Saturday, 12 December 2015

December feedback

As part of my appraisal process I am using Interlead Appraisal Connector.  This allows me to seek anonymous feedback from staff, board, or students and community.

This survey ranked me as 'proficient'.  An area I could aim to improve in 2016, based on the results of the survey would be improve to collaboration within the Board and school.  We (the Board and I) have discussed some activities for 2016 which could facilitate this, including reviewing our Charter and values to ensure that all parents and BOT members are aware of what we are doing and why.

Click here to read the report from December 2015 based on the BOT completed survey.

(I have also realized while posting this, I need to add in the leadership criteria in the pages / tags for this blog - - a job for the summer holidays)

Friday, 23 October 2015

Self directed learning

Do no limit yourself to what other people can't do ~
Challenge yourself to discover how much YOU can do

I was thinking of this year's Professional Development opportunities, or the lack thereof, and lamenting that it was again not what I hoped it would be.  The provided support was lacking in depth and at best a repeat of learning we achieved 3-4 years ago and had no impact on the teaching and learning within the classroom and therefore no effect on student achievement.  As such I suppose it was a waste of resources... So what are my choices, complain that yet again we were under-served?  That due to our location our school was again handed second best?  toss my hands up in the air and do no more because those who 'led' pd cannot deliver what we need to improve our pedagogy?

These certainly are the easy options.  They would excuse us from having responsibility for not progressing in our own skills.  But I wouldn't accept this of my students.  I have taught my students through our exploration of Building Learning Power that this is not what good learners do.
So what will I change for 2016?

Self directed learning - a challenge to once again lead my own learning and that of my staff.  Until we find a professional development provider that can actually provide for us what we request, we will have to lead ourselves and leave the others to spin their own wheels.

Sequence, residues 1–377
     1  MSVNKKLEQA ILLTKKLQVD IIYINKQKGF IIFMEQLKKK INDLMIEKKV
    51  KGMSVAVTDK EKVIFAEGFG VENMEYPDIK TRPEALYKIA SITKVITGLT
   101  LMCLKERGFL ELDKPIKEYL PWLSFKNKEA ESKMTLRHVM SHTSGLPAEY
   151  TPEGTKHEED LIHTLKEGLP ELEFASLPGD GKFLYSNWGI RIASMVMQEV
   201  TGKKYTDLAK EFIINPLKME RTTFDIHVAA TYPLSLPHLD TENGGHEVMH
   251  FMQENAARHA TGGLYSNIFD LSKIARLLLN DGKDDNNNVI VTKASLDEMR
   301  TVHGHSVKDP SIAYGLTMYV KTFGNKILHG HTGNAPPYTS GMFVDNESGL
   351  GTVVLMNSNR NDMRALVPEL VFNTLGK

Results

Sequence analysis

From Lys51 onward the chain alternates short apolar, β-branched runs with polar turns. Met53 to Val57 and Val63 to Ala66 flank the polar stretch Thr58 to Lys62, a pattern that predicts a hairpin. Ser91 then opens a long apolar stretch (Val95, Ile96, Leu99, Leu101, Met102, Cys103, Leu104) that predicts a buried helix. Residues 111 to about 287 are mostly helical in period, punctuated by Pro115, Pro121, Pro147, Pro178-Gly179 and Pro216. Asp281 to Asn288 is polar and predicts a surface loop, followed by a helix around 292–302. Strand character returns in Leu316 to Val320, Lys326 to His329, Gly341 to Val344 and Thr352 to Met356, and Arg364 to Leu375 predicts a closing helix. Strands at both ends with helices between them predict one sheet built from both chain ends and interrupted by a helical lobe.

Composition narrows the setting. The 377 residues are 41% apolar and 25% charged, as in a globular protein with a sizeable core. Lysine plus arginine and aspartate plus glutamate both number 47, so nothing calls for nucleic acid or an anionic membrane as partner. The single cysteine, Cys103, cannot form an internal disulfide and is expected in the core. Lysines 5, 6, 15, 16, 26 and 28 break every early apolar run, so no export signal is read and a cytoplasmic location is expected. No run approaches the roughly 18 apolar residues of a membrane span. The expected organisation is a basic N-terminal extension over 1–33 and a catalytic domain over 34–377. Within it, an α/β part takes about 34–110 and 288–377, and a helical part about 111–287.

Saturday, 12 September 2015


 Carol Dweck's research focuses on the development of a Growth mindset to improve the learning opportunities of all learners.  A Fixed mindset limits the learning opportunities by focusing on the barriers,  
This research is part of what informs Guy Claxton's BLP.  This fundamental change in understanding of the ability to learn is essential to reframing education

Strategies to Build Intrinsic Motivation

On Friday we had a staff meeting session using Story Hui to help teachers reflect on an aspect of their practice that they have changed or developed.

Some of the main themes that came through all the examples given throughout the school was student choice, student ownership of learning, and student responsibility.  Common outcomes from these innovations included greater motivation in most students to learn and greater engagement in learning activities where there attributes are present.

I stumbled upon this article today by David Palank about strategies to build intrinsic motivation of students.  His comments about getting rid of both the carrot and the stick fit in with the developments that we have been putting in place.

It is great to see that these innovations are happening throughout the school and developing naturally based on the improvements that teacher are noticing.  David's article adds a few new possibilities to consider for our next innovations.

Saturday, 15 August 2015

boys writing

Boys and writing, like  oil and water, are difficult to mix.  I stumbled upon this link on the MOE site and am keen to use it in my class with my reluctant writers.
Starting a story is often the hardest part and these celb starters may do just the trick.

Tuesday, 23 June 2015

positive feedback

Sometimes when we are caught up in the chaos of all we have to do it is difficult to see if anything we are doing is making a difference, if any one is noticing, or if all the changes and extra effort is just extra work having no impact.